One in eight small businesses get insurance cancellations after ObamaCare passage
posted at 7:18 pm on July 26, 2011 by Ed Morrissey
Let’s take a breather from Barack Obama’s failure to lead on the debt crisis to his failed signature policy of ObamaCare. Despite his promise that passage of the health-insurance overhaul bill would allow people to keep their current health insurance, a new report from the National Federation of Independent Business shows that one in eight small businesses have had to stop offering insurance to their employees. The Daily Caller notes that the change has not been voluntary:
Among the most striking of NFIB’s findings was the number of employer health insurance plans that have been or will be eliminated since PPACA’s passage — 14 percent, or one in eight. Eliminating employer health care plans “is the first major consequence of PPACA that small-business owners likely feel,” the report said.
“We are not aware of any data suggesting we’ve had turnover anywhere near this level in the past,” said William J. Dennis, a senior research fellow at the National Federation for Independent Business.
The NFIB study also found 20 percent of small employers expect to significantly change their benefit packages the next time they renew their health insurance plans. Almost all of them expected to see diminished benefits, increased employee costs, or both.
The report makes clear that the change has mainly been imposed on small businesses. Left on their own, they would have continued coverage, but in response to ObamaCare, insurers have curtailed the plans offered to smaller employers:
The considerable changes expected are in part prodded by plans that have effectively been eliminated by insurers. One of the great “promises” of PPACA supporters was that insured people would be able to keep their current health insurance plan. As a practical matter that has not been true for a substantial number of small employers and their employees. Since enactment, one in eight (12%) small employers have either had their health insurance plans terminated or been told that their plan would not be available in the future (Q. 5).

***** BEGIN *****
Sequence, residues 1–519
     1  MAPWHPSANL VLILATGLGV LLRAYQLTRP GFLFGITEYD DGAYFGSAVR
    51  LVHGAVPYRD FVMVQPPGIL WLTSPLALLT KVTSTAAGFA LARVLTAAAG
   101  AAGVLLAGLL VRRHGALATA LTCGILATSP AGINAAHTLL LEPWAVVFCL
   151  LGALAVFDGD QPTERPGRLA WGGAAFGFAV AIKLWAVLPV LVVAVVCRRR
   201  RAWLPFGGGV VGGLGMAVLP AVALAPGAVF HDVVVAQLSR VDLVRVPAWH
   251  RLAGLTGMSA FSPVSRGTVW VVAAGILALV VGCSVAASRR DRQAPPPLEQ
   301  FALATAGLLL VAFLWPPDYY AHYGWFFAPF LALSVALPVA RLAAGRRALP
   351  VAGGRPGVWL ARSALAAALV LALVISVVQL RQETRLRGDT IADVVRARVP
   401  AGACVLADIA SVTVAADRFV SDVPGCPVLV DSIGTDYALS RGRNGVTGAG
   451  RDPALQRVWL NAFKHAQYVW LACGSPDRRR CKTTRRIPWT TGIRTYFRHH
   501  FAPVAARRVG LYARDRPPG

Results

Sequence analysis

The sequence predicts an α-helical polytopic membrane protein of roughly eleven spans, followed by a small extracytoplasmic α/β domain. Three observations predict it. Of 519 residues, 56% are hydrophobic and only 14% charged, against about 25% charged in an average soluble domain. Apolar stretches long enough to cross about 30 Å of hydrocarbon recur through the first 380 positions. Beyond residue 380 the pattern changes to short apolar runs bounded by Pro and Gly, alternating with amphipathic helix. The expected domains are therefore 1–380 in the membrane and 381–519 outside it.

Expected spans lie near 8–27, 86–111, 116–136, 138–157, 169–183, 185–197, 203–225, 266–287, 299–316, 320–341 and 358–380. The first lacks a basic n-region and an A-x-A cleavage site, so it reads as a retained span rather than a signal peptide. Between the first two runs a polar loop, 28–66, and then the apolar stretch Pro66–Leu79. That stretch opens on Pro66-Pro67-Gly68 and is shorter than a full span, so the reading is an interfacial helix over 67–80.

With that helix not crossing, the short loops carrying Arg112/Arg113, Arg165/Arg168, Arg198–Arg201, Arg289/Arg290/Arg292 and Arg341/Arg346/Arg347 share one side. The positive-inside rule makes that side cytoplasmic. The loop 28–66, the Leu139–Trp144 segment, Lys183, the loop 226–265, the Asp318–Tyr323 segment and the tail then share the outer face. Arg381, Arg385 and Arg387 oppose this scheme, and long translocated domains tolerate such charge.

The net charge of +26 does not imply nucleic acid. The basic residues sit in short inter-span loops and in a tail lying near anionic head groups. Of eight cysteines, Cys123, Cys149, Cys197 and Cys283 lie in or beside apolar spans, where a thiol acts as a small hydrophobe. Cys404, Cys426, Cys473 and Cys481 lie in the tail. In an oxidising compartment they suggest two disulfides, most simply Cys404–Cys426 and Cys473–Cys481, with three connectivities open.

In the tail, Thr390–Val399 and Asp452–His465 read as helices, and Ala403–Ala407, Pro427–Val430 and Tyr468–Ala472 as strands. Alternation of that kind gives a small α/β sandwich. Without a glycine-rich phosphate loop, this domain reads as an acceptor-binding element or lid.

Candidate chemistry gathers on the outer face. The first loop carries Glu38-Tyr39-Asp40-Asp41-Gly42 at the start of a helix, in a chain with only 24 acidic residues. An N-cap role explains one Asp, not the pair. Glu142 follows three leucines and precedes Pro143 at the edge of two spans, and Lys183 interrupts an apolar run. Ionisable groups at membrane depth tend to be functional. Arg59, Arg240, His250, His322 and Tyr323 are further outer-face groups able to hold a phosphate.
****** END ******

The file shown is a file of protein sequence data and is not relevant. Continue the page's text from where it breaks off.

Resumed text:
There are some legitimate questions about this survey. Many of the questions asked are of opinions and projections rather than already-known events. The sample size is light as well, with only 750 businesses surveyed by NFIB. That’s not an inadequate sample for a national survey, but it’s not exactly robust either.
Still, the core question involves events that have already transpired, which is either cancellations or notices of cancellations from insurers. If
14 12% of the sample reported those outcomes, that means that 90 businesses have been either cut off or warned of cutoffs on their existing plans, with an impact averaging somewhere around 4500 employees. That’s a significant result, especially given the “you can keep your health-care plan” rhetoric coming from the White House while urging passage of ObamaCare.
It also demonstrates one reason why businesses aren’t enthusiastic about expansion. Under these circumstances, businesses can’t price the costs of their existing staffs, let alone additions to them through capital investment and expansion. When risk can’t be quantified with some degree of certainty, then risk simply isn’t taken — and we get the stagnation we’ve seen for the last two years.
Update: The percentage should have been 12% (one in eight), not 14% (one in seven). I’ve corrected the calculations as well; thanks to Ed R for the correction.